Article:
It was a testimonial to each who accepted that they believed deeply in the vision of community and in the value of in-person connection. We were spreading our wings into brand new territory and generating endless possibilities for creative collaborations - both large and small, temporary and permanent. And we placed great trust and value on each and every thing these leaders brought to the table.
The foundation of family within this new community is strong. We know the importance of reinforcing that in-person from time to time, which is why we will be focusing on diverse types of in-person creative events for the entire community (as well as new and existing leaders) in the future.
One of the action items to come out of the retreat was to begin the online conversation about Fight Club the Unconventional Creative, and further develop the roles of each leader within this new space.
Shortly after we returned home, however, we realized that this was going to take a little more time that we originally anticipated. We also identified some additional things that we would need to provide for our leaders before we could go public and start talking about Fight Club the Unconventional Creative.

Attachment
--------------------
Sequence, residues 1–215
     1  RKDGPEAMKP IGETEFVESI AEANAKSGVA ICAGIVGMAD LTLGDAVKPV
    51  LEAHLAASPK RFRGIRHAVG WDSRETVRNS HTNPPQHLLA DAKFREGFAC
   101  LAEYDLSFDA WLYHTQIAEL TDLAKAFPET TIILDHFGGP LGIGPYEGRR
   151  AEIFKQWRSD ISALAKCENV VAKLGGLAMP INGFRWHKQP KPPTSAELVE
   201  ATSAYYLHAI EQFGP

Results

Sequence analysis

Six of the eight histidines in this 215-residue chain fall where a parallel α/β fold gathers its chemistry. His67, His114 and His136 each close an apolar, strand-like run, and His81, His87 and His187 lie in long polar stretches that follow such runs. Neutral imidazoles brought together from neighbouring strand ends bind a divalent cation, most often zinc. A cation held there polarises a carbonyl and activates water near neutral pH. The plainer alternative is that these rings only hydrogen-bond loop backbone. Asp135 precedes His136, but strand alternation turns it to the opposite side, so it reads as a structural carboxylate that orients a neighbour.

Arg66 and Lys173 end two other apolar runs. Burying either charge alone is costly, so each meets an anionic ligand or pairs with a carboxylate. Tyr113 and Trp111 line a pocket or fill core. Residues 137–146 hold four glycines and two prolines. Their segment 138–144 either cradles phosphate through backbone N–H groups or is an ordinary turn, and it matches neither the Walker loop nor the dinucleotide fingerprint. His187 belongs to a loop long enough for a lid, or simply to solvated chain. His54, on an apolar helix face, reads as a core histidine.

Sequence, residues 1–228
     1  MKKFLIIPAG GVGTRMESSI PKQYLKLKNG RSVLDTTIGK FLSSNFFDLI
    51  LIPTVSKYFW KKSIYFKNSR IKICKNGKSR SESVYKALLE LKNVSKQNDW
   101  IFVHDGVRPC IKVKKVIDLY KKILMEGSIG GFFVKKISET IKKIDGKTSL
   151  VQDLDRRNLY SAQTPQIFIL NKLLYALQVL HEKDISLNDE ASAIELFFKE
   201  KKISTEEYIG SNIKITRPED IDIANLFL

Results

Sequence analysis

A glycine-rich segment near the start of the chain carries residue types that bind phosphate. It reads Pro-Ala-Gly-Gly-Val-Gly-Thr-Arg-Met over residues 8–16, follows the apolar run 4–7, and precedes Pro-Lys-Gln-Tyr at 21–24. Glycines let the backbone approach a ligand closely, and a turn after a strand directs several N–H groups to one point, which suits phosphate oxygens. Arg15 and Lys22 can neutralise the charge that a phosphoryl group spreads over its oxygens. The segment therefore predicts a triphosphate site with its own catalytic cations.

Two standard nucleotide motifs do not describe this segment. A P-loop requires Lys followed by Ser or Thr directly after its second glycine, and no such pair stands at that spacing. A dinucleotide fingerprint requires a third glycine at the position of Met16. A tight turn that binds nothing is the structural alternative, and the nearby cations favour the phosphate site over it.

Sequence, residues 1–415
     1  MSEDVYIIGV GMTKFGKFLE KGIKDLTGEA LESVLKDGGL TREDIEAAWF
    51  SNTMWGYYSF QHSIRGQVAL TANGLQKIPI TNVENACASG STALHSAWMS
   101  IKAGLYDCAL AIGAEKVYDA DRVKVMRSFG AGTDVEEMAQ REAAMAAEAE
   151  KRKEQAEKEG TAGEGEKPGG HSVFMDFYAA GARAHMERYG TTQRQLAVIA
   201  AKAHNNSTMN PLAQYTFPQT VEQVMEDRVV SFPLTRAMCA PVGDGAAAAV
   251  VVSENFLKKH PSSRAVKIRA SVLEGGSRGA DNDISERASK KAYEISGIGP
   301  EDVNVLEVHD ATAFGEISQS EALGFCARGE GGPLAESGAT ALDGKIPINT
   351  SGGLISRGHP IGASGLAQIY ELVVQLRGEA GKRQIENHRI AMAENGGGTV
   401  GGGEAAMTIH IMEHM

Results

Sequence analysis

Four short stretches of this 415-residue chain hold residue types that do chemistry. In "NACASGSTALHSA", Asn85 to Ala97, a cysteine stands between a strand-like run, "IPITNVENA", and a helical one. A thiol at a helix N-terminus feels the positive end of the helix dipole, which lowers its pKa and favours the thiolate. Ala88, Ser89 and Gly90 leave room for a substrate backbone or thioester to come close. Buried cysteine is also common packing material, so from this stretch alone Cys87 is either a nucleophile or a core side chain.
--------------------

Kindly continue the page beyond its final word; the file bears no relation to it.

Like many things in life, there were two ways to go about this – the easy way and the hard way.
"I'll take the hard way for 1000, Alex"
Way back when we were sorting through all of our projects to see what would make the cut, I made the decision to put my photography studio building up for sale.
Nancy and I wanted to move our offices closer to downtown OKC; we had found several creative hubs that we loved and we felt it was important to be in that space.
The building itself has over 3,500 square feet of versatile space that we have used for multiple projects and businesses over the years. But the location was no longer ideal for what we wanted to do.
I had a big advantage in that it is located in a fast-growing, high-end part of Edmond (the northernmost suburb of OKC). Commercial real estate can take weeks, months, or years to sell, though; it’s quite a bit more volatile than residential real estate. So I hired a realtor who would take care of everything while we focused on business as usual.